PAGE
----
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TSA & The Government Shutdown

How the Shutdown is Affecting Air Travel

The partial government shutdown is in full effect.

shutdown effects tsa faa air travel
Source: unsplash

So far its impact has been most visible with the closing of some government buildings and national parks, along with a symbolic trash pile forming at the National Mall in front of the Capitol. Soon, recipients of food stamps with be without assistance, tax returns will be due, and other ripples will be felt.

One of those ripples hit the aviation world this week, with the Transportation Security Administration beginning to feel its effects as we approach the shutdown’s third week.

Past government shutdowns have tended to only last for a few days, and federal employees are able to receive back pay for time worked during the shutdown… however, this shutdown started on December 22nd and is currently the second longest in our nation’s history. And, without any sign of it ending, airport security is starting to thin out.

This week, TSA officers began calling out of work at major airports across the country according to senior TSA officials and union officials. These agents are required to work without pay throughout the entirety of the latest partial government shutdown, as if being a TSA officer wasn’t thankless enough already.

However upcoming bills are nearly due, and the lack of a paycheck is causing many people to search for another job. Keep in mind that a vast majority of Americans are living paycheck to paycheck, and this is most likely the case for many TSA agents.

The continued exodus of TSA agents will inevitably mean less secure air travel and longer lines at the airport, especially as the shutdown continues with no clear end to the political stalemate on the horizon.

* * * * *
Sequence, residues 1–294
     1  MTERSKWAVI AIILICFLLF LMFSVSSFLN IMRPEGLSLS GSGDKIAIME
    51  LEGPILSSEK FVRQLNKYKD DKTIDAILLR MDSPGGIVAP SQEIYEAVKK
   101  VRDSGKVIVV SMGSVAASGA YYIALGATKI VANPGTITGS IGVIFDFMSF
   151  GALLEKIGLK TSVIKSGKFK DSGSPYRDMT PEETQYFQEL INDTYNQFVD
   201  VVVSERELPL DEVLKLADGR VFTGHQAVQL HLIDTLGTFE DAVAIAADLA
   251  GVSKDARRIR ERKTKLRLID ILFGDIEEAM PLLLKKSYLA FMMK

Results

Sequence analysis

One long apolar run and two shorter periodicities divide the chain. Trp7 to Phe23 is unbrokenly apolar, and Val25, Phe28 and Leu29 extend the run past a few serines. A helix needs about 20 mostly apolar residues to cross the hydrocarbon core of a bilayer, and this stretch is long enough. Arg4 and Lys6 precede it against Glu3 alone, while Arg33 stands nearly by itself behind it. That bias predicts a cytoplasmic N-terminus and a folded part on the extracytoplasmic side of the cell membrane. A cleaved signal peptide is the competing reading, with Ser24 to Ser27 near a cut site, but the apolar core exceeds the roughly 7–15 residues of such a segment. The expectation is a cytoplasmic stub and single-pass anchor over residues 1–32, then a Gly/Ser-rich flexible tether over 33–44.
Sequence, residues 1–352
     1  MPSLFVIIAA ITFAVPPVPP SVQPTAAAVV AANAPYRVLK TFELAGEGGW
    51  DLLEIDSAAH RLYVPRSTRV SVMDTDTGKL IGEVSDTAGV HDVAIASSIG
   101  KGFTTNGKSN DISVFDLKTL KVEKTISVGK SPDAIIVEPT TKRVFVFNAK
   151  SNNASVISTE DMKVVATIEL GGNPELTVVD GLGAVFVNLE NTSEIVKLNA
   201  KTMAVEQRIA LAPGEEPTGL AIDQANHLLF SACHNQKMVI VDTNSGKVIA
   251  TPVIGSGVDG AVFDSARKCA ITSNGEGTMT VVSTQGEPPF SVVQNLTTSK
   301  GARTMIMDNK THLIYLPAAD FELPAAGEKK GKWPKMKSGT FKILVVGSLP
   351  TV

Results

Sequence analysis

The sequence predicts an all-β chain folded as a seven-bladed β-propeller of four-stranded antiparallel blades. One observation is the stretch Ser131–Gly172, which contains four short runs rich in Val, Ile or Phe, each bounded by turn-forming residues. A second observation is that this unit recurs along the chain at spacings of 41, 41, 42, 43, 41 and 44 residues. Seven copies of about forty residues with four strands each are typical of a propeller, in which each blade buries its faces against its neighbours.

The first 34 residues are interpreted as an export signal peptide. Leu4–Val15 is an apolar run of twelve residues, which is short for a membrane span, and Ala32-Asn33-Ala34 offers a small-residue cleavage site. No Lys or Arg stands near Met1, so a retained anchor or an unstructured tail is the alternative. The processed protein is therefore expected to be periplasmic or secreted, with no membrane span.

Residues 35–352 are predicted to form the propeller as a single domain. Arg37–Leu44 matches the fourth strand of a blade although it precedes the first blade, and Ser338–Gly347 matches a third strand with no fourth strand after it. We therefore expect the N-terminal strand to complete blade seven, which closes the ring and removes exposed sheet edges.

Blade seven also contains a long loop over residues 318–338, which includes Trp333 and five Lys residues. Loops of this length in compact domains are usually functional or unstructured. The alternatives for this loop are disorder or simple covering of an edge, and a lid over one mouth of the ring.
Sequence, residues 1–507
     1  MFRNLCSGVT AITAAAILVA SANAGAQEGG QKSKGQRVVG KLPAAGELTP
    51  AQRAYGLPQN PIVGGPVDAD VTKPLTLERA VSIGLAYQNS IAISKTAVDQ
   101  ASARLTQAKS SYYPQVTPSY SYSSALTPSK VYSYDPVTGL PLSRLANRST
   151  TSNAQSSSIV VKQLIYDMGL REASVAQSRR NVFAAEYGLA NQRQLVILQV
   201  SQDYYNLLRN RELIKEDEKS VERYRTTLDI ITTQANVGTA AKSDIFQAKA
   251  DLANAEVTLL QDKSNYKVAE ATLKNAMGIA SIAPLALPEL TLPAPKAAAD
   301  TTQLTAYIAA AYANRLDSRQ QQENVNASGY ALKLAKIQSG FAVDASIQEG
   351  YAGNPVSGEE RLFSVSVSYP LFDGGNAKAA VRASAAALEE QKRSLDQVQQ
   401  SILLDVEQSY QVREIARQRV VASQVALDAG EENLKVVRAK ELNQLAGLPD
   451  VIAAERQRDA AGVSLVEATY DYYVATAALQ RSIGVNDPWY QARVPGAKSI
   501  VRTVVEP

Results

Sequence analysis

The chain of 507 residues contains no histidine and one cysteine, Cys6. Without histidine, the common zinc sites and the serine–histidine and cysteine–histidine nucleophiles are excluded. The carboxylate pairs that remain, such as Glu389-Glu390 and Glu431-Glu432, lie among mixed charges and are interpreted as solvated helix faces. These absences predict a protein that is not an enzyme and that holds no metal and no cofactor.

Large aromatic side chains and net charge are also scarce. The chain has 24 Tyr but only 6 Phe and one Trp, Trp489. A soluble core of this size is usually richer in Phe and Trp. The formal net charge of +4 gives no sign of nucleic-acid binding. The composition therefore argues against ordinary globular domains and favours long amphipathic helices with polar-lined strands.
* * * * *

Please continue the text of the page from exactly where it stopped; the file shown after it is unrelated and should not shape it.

Who’s still working at the airport?

Approximately 10,000 air traffic controllers employed by the FAA and just over 50,000 TSA officers have been told to keep reporting to work since they are deemed essential. Employees at checkpoints, control towers, and FAA radar stations aren’t being paid.

In addition to these workers calling out, commercial planes are not being inspected by Federal Aviation Administration officials. Most have been deemed “non-essential” workers, and have been furloughed during the course of the partial government shutdown.

Professional Aviation Safety Specialists (PASS), the union that represents a majority of these aircraft inspectors, is calling for the shut down to come an end to reduce the risk to airline travel — since December 22nd, thousands of PASS members and inspectors across the country have been furloughed.

These are the inspectors responsible for approving work completed by airlines to ensure they follow proper regulations for passenger safety.

Although many airlines have employees inspecting their planes, government officials are not in place to verify their work. The union is concerned that this will pose a risk to airline safety as the shutdown drags on.

In response, FAA officials have stated “The traveling public can be assured that our nation’s airspace system is safe… We prioritize available resources and as such, inspectors are recalled and deployed as needed for required inspections for air carriers”.

Air Traffic Control Concerns

Aircraft inspections and airport security is one thing, but what about once the planes take off? There are currently 1,900 air traffic controllers eligible for retirement. That’s nearly one in five.

Beginning next week, air traffic controllers will stop receiving paychecks, and it’s unclear how many will continue working when they can just retire.

“I don’t know how long they’re going to stay on the job if they’re not getting a paycheck,” said Paul Rinaldi, president of the National Air Traffic Controllers Association.

Hopefully this will end better for air traffic controllers than the ATC strike of 1981: after declaring their strike illegal, President Reagan fired more than 11,000 ATC employees after they failed to report to work, and assigned lifetime bans so they could not be rehired by the FAA.